Author Topic: Rout Books?  (Read 894 times)

Alternative_Roo

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Rout Books?
« on: 18:18:10, 02/05/18 »
Could anyone suggest good books that contain relatively up to date walking routs? I don't really want to start relying on my phone/gps maps or downloading stuff from the ramblers website. I remember my father used to pick out routs from small portable books.

fernman

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Re: Rout Books?
« Reply #1 on: 18:42:21, 02/05/18 »
What area?

pauldawes

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Re: Rout Books?
« Reply #2 on: 19:05:40, 02/05/18 »
There’s a shedload of them.


I guess that if you outline which walking area/s you’re specifically interested in members will most likely to be able to name a few.


But in general terms best approach may be to visit a big bookshop and have a browse through the walking guides on the shelf. Key is really if you find guide clear, concise, and easy to follow...and a style I might struggle with, you may find ideal.


In some ways I find the boxes of laminated route cards you can get for some areas are substantially easier to use than books...the ones where there’s a reasonable sized map on one side of card, and point by point route instructions on other side. ( e.g. “30 walks in Derbyshire” by the AA.) Worth looking at those, if available for areas you want to walk.

Alternative_Roo

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Re: Rout Books?
« Reply #3 on: 20:01:32, 02/05/18 »
Oh, I was mostly talking about writers/publishers. As in, is there a certain publisher that makes good rout books etc?

bricam2096

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Re: Rout Books?
« Reply #4 on: 20:04:43, 02/05/18 »
There are many writers/publishers of good route books, just depends what area you want to walk in and distances. If you plan doing long distance routes then publishers like Cicerone and Trailblazers do good ones. If you have an area in mind, just go onto somewhere like amazon and put your area into the search and see what comes up, usually the top ones are the most popular.
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fernman

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Re: Rout Books?
« Reply #5 on: 20:22:22, 02/05/18 »
But in general terms best approach may be to visit a big bookshop and have a browse through the walking guides on the shelf. Key is really if you find guide clear, concise, and easy to follow...and a style I might struggle with, you may find ideal.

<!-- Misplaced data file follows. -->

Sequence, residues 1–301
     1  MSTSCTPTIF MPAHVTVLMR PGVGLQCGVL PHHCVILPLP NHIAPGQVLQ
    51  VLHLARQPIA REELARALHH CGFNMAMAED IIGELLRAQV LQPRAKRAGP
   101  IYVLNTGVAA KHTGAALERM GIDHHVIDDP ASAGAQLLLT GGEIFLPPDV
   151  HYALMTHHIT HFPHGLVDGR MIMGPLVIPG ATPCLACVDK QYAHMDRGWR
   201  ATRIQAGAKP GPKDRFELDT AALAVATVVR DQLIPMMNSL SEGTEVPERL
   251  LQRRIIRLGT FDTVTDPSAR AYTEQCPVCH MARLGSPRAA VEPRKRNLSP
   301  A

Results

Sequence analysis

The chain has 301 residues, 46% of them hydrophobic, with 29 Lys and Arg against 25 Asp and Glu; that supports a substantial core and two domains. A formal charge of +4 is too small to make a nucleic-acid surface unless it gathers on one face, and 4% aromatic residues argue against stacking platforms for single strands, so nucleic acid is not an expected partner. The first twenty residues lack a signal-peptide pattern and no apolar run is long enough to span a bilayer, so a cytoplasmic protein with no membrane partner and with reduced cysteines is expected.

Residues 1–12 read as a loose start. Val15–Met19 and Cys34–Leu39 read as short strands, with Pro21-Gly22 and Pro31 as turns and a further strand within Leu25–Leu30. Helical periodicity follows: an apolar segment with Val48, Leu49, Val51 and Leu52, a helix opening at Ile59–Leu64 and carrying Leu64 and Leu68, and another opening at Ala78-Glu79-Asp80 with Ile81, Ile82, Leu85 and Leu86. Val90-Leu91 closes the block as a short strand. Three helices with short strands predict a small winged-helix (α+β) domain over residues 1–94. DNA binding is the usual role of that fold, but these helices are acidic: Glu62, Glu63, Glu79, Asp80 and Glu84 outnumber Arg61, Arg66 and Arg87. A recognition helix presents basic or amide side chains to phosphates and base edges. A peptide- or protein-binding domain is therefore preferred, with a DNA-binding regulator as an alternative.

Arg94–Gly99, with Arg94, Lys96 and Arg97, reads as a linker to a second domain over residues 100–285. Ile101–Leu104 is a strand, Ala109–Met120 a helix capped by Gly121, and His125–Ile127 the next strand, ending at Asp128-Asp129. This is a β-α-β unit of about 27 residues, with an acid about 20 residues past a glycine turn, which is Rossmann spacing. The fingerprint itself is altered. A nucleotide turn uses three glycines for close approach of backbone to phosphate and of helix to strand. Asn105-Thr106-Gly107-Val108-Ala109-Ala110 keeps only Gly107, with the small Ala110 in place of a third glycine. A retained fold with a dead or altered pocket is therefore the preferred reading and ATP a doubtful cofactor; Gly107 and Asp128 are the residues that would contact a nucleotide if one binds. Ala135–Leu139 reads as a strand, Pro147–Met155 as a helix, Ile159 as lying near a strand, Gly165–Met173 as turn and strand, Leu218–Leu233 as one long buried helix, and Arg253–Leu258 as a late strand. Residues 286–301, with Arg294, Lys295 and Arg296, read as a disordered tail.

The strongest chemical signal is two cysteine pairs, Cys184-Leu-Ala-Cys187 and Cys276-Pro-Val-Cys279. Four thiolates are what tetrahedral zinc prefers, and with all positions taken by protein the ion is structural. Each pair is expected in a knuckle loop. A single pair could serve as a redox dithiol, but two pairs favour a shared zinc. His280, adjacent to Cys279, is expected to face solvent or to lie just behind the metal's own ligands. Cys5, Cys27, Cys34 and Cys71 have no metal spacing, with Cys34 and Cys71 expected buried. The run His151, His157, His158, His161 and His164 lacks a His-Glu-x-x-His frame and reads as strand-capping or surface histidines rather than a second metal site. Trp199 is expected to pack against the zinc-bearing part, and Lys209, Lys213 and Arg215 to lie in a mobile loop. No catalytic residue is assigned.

Seconded, this is where you should find the best selection, and also in outdoors stores. But check user reviews of the titles on Amazon before buying anything, they will make you aware of any book that appears to be good but has deficiencies that aren't immediately obvious. For example, some of the AA guidebooks don't show maps for all of the walks, which to me is like a car with no steering wheel.

Also check whether the book's routes are circular or linear, you might prefer one to the other, and make sure it contains enough walks of the sort of length you like. I have about 25 books for my favourite area for day walks, but there are some I have not bought because their walks are too short for me, i.e. family walks and pub walks.

It might be worth looking in a public library too if you have one within reach. You'll often find slightly older stock that you can no longer buy new, but if you like a particular book you can then buy used a copy on Abebooks.co.uk

fernman

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Re: Rout Books?
« Reply #6 on: 20:27:54, 02/05/18 »
Oh, I was mostly talking about writers/publishers. As in, is there a certain publisher that makes good rout books etc?

Again, it depends on the area, because very often there are walks books written by local people and produced by small local publishers.
Nationally, though, Cicerone springs to mind as a good publisher.

Strider

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Re: Rout Books?
« Reply #7 on: 15:02:43, 03/05/18 »
Pathfinder guides are great for beginner/intermediate walkers:  http://www.pathfinderwalks.co.uk/our-books/

They use OS maps, so it's easy to vary the route from the book once you gain some confidence in map-reading.  Also have a good variety of easy/harder walks.
Not all those who wander are lost